Getting Around Guadeloupe
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Roads are paved and tend to be in good condition. Drivers do tend to drive fast and tailgating is common. Traffic rules and signage are the same as in France.
Renting a car is the easiest way to explore Guadeloupe. Most of the major car hire firms are represented, and prices are reasonable. You need a valid passport, driving licence and international driving licence, and a credit card in the name of the principal driver. Drivers must be at least 21 years of age. Most of the larger hotels also offer car hire services.
Taxis are available in all the main towns and can also be found outside the airport at most times. Always check the fare with the driver before getting in, and remember that fares are significantly higher between 2100 and 0700 daily and on Sundays and holidays.
Cycling is particularly popular on Guadeloupe. Roads tend to be in good condition and drivers tend to give cyclists a wide berth.
Guadeloupe has a reasonable bus network, but it is generally the slowest way to get around. Most bus routes start and end in Pointe-à-Pitre. The destination of buses is usually displayed in bus windows. Bus stops have blue signs which depict a bus.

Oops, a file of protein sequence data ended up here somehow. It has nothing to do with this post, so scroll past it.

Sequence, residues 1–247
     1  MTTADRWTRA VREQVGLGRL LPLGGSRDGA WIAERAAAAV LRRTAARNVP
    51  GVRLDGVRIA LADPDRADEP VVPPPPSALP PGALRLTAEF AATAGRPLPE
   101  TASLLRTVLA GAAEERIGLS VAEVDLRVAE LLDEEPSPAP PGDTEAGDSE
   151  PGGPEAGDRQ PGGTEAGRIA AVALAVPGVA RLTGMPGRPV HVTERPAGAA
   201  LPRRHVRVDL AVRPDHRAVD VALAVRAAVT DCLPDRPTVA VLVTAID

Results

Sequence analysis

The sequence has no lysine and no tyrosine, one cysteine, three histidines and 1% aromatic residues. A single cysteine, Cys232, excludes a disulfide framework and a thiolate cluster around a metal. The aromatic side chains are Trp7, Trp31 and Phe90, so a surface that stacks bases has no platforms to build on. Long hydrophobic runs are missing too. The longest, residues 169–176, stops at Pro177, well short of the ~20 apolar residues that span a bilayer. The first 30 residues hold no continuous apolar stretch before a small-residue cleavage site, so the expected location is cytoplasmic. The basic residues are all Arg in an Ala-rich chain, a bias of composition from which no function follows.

For stays of 20 days or less, a valid driving licence is needed. For longer stays, an international driver's permit is necessary. Car hire companies can provide drivers with emergency contact information.
L'Express des Iles (www.express-des-iles.com) provides services from Guadeloupe to Martinique, Dominica and St Lucia. It's also one of several ferry companies which connect Basse-Terre and Grande-Terre with the smaller Guadeloupian islands of Les Saintes, Marie-Galante and Désirade.
Ferries to les Saintes, Marie-Galante and Désirade depart from Pointe-à-Pitre. Ferries to the Îles des Saintes also depart from Trois-Rivières and there are daily ferries to Marie-Galante and Désirade from Saint-François.